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Starting with Geronimo 2.1 the servers are assembled entirely out of plugins.

  • Most plugins are Geronimo modules, describing a classloader and services and possibly containing classes and resources.
  • Plugins also contain descriptive information and include additional instructions on how the plugin fits into a server.
  • Information about multiple plugins can be collected into a plugin catalog, often located in a maven repository
  • A plugin repository is basically a plugin catalog together with a maven-structured repository containing plugins.
  • Plugins can be installed from a plugin repository into an existing geronimo server using gshell commands or the admin console.
  • Plugin metadata for an existing plugin in a geronimo server can be edited (to some extent) in the admin console.
  • Maven can be used to assemble a new server out of plugins in a maven repository (not requiring a plugin catalog)
  • A new server containing a specified set of plugins can be extracted from an existing server using a gshell command or the admin console.
  • The dependency system assures that the resulting server has all needed plugins to operate.

This document is organized in the following sections:

Plugin basics

A Geronimo plugin is a jar-structured file that contains a META-INF/geronimo-plugin.xml descriptor following this schema:

Most plugins are Geronimo modules which means they include a classloader description, service configurations ("gbeans"), and possibly classes and resources. For instance, if you deploy a javaee application on geronimo, it turns into a geronimo module containing the description of the app's classloader, gbean configurations for the javaee components (web apps, ejbs, etc), and the classes and resources from your application. The additional information in the Geronimo plugin descriptor includes:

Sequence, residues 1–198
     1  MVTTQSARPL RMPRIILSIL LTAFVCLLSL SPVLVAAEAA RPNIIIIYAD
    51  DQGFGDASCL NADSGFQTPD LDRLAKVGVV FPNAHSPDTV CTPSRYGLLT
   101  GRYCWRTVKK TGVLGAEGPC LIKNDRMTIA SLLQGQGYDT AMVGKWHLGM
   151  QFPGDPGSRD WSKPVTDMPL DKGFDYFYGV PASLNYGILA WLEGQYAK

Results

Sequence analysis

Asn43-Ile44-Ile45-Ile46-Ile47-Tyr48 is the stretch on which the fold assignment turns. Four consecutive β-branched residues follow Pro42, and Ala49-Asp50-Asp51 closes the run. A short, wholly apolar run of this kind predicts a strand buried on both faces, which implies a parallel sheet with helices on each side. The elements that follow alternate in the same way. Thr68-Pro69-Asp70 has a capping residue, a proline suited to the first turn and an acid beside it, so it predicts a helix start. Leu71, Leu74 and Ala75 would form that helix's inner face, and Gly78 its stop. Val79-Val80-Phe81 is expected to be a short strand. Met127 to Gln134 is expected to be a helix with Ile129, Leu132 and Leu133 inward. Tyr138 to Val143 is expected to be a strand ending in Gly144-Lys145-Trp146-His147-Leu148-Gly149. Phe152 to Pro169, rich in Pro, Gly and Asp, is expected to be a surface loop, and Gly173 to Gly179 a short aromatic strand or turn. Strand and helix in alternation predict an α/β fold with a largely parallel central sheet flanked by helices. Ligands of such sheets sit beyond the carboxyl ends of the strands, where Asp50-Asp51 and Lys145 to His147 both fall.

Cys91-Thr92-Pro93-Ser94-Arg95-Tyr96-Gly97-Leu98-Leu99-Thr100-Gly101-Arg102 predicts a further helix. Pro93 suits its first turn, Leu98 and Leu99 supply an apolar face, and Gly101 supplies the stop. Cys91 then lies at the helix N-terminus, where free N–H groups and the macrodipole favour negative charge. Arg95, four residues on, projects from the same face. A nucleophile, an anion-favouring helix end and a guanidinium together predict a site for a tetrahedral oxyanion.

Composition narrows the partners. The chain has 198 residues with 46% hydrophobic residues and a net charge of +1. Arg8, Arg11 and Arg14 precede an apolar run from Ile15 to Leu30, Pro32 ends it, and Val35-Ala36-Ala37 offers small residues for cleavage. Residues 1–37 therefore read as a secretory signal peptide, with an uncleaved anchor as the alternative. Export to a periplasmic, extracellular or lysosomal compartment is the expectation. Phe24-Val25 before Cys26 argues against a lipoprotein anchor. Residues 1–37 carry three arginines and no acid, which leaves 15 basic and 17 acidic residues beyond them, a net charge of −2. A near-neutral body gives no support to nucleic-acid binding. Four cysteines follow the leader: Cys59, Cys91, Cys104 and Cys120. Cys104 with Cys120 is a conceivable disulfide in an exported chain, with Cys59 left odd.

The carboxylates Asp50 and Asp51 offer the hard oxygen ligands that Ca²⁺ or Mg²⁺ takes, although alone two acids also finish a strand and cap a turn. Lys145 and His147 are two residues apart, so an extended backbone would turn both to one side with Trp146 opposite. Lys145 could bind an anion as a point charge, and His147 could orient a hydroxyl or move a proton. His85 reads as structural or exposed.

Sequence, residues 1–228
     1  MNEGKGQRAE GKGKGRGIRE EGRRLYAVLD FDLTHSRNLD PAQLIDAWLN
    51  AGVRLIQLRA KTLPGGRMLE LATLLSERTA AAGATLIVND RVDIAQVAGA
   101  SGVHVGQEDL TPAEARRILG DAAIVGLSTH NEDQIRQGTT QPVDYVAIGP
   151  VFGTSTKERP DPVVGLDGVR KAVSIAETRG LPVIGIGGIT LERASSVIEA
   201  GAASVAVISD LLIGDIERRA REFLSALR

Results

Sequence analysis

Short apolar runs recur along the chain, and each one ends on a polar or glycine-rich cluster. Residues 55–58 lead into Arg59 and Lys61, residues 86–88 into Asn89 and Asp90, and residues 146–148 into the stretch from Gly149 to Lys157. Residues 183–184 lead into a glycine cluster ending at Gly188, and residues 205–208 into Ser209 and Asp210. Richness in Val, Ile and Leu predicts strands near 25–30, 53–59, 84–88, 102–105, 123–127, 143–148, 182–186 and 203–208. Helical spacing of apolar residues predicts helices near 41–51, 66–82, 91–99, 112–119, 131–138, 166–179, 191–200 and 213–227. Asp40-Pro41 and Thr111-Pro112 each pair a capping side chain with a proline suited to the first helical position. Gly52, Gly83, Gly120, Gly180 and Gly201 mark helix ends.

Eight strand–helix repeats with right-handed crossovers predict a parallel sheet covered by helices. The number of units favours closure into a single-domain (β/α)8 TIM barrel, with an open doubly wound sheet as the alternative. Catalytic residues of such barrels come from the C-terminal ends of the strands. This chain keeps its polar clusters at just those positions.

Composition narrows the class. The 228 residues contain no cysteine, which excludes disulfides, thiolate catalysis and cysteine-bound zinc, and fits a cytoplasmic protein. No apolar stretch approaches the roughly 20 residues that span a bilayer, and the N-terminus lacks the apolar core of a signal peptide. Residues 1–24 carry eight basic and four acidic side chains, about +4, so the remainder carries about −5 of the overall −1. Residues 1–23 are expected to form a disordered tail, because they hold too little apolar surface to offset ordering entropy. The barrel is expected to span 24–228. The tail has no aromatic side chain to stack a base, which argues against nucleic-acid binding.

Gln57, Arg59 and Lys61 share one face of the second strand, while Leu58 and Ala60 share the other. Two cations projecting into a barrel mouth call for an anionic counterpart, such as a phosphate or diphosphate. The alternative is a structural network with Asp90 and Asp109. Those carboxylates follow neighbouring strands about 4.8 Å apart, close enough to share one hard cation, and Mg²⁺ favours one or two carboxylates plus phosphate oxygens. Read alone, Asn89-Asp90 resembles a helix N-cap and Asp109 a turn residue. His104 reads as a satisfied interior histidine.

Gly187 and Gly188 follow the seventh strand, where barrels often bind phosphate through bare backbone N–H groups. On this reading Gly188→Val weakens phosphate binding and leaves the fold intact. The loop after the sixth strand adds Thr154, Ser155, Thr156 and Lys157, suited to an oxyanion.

• Category (descriptive)
  • Description
  • License
  • Dependencies: these will be automatically downloaded and installed when the plugin is installed. These are usually the same as the dependencies in the module classloader description.
  • Prerequisites: These must be present before the plugin can be installed. This can be used to force the user to install an incompatibly licensed jar or to configure a modules such as a database pool before installing a dependent plugin.
  • Obsoletes: These dependencies will be uninstalled before installing a plugin.
  • Additional information about how the plugin fits into the server.

Additional information

  • Content to be installed in a config.xml file to allow additional customization of gbeans, typically through properties.
  • Default property values to be installed in a file.
  • Artifact aliases allowing one plugin or other artifact to replace another.
  • Description of plugin content to be unpacked into the server. Plugins that are not modules typically exist only to install such content.

Where does this additional configuration information go?